A play with an uplifting message about LGBT youth finding personal
identity received a positive reaction from the audience at its only
performance last week.
Confide in Me was performed one night only, September 6, at the
Mission Cultural Center for Latino Arts. The play is about the struggles
of LGBT youth and how those often get overlooked. Starring in the play
were Sienna Williams, Elsie Phillips, Victoria Lavin, and Ali Brown, all
emerging community actors from Nicky’s Youth Theater and LGBTQ
Confide in Me was presented as a play that hoped to inspire audiences to
find personal identity, trust, and sympathy with those who share an
Nichole Martinez, playwright, director and light operator, worked all
summer on the project. She was very happy to see it come together on
the stage, and see the audience’s reaction.
“The play shows the difficulty with family as well as the inner struggle
and the violence that can occur with the general public,” Martinez, 20,
said. “This show is about perseverance through those struggles, and
finding inner peace and the ability to choose happiness for yourself over
the comfort of the people who can not accept you.”
In the play, Mary-Anne (Williams) wants to come to terms with her
gender identity, but she has a mother who will not accept her.
Meanwhile Julie (Phillips) is fighting for her identity and the acceptance
of the people in her life. Julie and Mary-Anne must make a hard choice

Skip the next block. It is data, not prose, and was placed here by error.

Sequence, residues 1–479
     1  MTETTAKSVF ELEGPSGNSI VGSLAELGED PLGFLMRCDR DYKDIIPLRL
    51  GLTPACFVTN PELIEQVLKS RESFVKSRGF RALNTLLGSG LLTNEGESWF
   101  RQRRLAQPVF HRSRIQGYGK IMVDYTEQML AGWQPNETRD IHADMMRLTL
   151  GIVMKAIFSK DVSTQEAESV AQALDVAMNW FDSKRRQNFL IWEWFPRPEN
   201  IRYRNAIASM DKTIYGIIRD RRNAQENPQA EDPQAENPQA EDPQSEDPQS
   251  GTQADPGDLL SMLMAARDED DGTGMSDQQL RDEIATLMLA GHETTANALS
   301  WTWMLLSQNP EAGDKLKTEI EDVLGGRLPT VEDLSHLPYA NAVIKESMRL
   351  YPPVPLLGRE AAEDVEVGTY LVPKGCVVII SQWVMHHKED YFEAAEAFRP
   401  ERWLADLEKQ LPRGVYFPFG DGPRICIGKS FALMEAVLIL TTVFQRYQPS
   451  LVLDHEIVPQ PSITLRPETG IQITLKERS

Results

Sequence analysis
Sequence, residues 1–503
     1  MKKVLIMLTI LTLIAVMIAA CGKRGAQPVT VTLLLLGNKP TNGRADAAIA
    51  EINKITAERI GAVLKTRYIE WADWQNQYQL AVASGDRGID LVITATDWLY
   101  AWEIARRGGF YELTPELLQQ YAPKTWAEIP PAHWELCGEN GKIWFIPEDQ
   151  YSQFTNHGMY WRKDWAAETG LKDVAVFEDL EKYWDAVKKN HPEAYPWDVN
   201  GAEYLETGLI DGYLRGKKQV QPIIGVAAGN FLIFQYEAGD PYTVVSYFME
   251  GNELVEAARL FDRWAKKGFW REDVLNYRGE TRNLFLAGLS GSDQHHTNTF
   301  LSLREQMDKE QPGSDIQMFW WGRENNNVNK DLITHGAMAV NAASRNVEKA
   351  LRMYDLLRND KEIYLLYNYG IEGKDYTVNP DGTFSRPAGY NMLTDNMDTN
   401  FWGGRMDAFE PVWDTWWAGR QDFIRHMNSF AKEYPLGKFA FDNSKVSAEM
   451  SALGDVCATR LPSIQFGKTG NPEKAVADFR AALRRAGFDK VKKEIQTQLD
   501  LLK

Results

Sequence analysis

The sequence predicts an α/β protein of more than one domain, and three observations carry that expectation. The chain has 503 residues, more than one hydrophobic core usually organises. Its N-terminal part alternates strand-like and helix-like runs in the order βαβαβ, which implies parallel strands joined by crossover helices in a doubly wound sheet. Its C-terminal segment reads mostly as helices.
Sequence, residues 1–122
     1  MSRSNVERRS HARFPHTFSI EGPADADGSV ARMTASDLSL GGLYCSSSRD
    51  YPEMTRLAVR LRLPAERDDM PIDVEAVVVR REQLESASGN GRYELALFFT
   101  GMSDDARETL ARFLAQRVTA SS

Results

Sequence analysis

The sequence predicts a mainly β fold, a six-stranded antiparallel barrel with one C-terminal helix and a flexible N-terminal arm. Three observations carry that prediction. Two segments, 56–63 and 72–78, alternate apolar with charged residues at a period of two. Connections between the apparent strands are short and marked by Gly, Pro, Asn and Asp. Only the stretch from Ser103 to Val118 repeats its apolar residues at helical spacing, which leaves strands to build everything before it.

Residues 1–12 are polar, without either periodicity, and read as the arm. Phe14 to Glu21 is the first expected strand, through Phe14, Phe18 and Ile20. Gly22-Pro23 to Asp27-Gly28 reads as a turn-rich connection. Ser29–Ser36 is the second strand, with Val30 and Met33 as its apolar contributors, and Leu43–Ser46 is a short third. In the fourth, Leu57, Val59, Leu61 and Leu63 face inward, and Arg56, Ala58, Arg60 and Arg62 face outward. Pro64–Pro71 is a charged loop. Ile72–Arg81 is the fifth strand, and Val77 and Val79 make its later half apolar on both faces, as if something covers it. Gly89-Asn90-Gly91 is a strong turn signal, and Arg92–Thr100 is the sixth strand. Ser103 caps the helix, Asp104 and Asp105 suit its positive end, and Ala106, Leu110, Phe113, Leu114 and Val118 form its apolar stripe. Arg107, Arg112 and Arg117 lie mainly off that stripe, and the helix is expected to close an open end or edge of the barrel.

between making the town happy or becoming who they really want to
Martinez, who identifies as a gender-fluid lesbian, wanted to feature the
transgender community because she feels that it is under-represented.
“I included a transgender character in my play because I believe they
are the least represented in our communities,” Martinez said. “They are
discriminated against and I wanted to present a show that called
attention to the discrimination and hardships people of the LGBTQ
community have in general through my transgender character, Mary-
The audience’s reaction overall was very positive.
“I was really nervous that people wouldn’t understand my play or react to it the way I intended them to,” Martinez said. “But it
was a great surprise to have them laugh at the parts I intended to be comic relief, or become uncomfortable, and even think
deeply about the story I presented them. And I was really happy to find they appeared to understand, or at least respect, the story
being told. And that all really reflected during the Q&A.”